House in Multiple Occupation (HMO)

House in Multiple Occupation (HMO) covers most properties housing three or more people, if they are not all in the same family. Find out about the responsibilities of a HMO owner.

Owners of HMOs have additional responsibilities relating to the management of the property. HMO management regulations apply to most properties where there are three or more unrelated occupants.

In some cases a HMO licence is required, in which case you must apply for a HMO licence.

View online the HMO Public Register.

We have adopted  icon HMO Amenity Standards [72.28KB] as a guide to what facilities are required in a HMO. We follow LACORS fire safety guidance, which is now available on the CIEH website.

Fire safety can be enforced by us in any domestic property (not only HMOs). Smoke alarms must be installed in all rented accommodation from 1 October 2015. Carbon monoxide alarms are also required where there is a solid fuel appliance. Further guidance is available from

There is further information about HMOs on

See our related pages for details on the house in multiple occupation licensing scheme and permitted development for converting a house into a house in multiple occupation.

Duties of HMO managers and occupiers

Management Regulations (The Management of Houses in Multiple Occupation (England) Regulations 2006) apply to all HMOs (whether or not they are licensable).

The regulations impose duties on managers and occupiers of HMOs.

Manager's duties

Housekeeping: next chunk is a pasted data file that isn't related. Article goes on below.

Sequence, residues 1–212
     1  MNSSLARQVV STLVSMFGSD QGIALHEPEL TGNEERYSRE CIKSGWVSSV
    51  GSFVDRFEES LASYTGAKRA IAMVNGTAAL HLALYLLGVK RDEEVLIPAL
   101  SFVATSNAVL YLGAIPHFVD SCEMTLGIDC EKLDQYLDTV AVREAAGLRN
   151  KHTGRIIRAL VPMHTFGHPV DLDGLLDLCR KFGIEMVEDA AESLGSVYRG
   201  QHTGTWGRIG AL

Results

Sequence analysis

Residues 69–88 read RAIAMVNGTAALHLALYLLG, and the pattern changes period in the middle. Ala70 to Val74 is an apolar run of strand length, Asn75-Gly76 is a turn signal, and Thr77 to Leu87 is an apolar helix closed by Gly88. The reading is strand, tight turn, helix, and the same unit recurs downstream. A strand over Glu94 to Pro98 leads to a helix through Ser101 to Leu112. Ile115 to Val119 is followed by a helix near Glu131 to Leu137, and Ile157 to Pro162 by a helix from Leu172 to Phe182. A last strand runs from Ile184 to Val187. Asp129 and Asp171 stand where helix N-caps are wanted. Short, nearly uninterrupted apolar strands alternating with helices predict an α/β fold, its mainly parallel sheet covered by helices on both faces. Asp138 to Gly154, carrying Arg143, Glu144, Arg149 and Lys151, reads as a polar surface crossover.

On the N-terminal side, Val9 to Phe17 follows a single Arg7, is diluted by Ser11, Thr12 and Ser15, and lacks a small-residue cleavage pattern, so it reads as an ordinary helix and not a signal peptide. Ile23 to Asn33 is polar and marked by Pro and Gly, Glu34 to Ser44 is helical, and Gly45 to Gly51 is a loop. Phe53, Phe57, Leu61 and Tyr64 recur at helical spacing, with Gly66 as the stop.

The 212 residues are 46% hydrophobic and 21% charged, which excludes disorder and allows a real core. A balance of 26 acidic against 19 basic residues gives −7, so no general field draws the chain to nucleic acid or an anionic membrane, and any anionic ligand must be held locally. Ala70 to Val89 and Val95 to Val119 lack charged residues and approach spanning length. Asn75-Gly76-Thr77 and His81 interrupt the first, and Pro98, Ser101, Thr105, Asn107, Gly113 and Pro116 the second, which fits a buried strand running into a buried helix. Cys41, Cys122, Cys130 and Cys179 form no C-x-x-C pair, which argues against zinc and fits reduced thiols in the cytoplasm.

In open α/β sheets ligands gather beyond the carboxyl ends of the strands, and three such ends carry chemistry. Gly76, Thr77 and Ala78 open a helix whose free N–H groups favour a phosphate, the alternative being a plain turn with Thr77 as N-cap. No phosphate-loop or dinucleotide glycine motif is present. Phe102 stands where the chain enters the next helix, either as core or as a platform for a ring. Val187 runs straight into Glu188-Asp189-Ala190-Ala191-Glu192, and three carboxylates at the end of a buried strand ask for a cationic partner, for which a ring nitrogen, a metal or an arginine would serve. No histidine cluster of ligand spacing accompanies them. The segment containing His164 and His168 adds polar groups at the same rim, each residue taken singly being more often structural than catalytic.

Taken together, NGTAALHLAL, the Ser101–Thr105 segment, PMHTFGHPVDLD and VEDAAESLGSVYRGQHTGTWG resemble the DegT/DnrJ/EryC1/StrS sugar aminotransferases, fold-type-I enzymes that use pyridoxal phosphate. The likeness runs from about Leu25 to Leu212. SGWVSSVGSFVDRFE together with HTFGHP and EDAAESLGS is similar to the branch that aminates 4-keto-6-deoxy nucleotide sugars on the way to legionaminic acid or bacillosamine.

The manager must:

  • give his or her contact details to the occupiers

  • keep fire escapes in repair and free from obstruction

  • maintain fire-fighting equipment and alarms

  • take reasonable measures to make sure that people living in the HMO are not injured on account of its design and structural condition

  • make sure there is adequate drainage from the HMO and an adequate water supply and the supply is not unreasonably interrupted

  • supply us with annual gas safety certificates (if gas is supplied) when requested

  • carry out safety checks on electrical installations every five years

  • make sure the supply of gas (if any) and electricity is not unreasonably interrupted

  • keep the HMO's common parts (including fixtures and fittings)in repair (including decorative repair) and good order

  • maintain shared gardens and keep in repair any structures belonging to the HMO

  • keep in repair the occupiers' living accommodation in the HMO, including fixtures and fittings

  • provide suitable facilities for the disposal of rubbish.

Occupiers' duties

The occupiers of the HMO must:

  • not hinder or prevent the manager from carrying out his or her duties under the regulations

  • take reasonable care not to damage anything which the manager has a duty to repair, maintain, keep in good order or supply under the regulations

  • dispose of rubbish using the manager's advice

  • follow all reasonable fire safety instructions given by the manager.

Fines for failure to meet duties

If a manager, or occupier, fails to meet any management regulation without a reasonable excuse, they may be prosecuted and fined up to £5,000.

The "manager" in these regulations includes the landlord or a person responsible for the management of the HMO.

Before prosecuting, we will normally give you an opportunity to remedy the breach depending on the seriousness of the case, in line with our enforcement policy.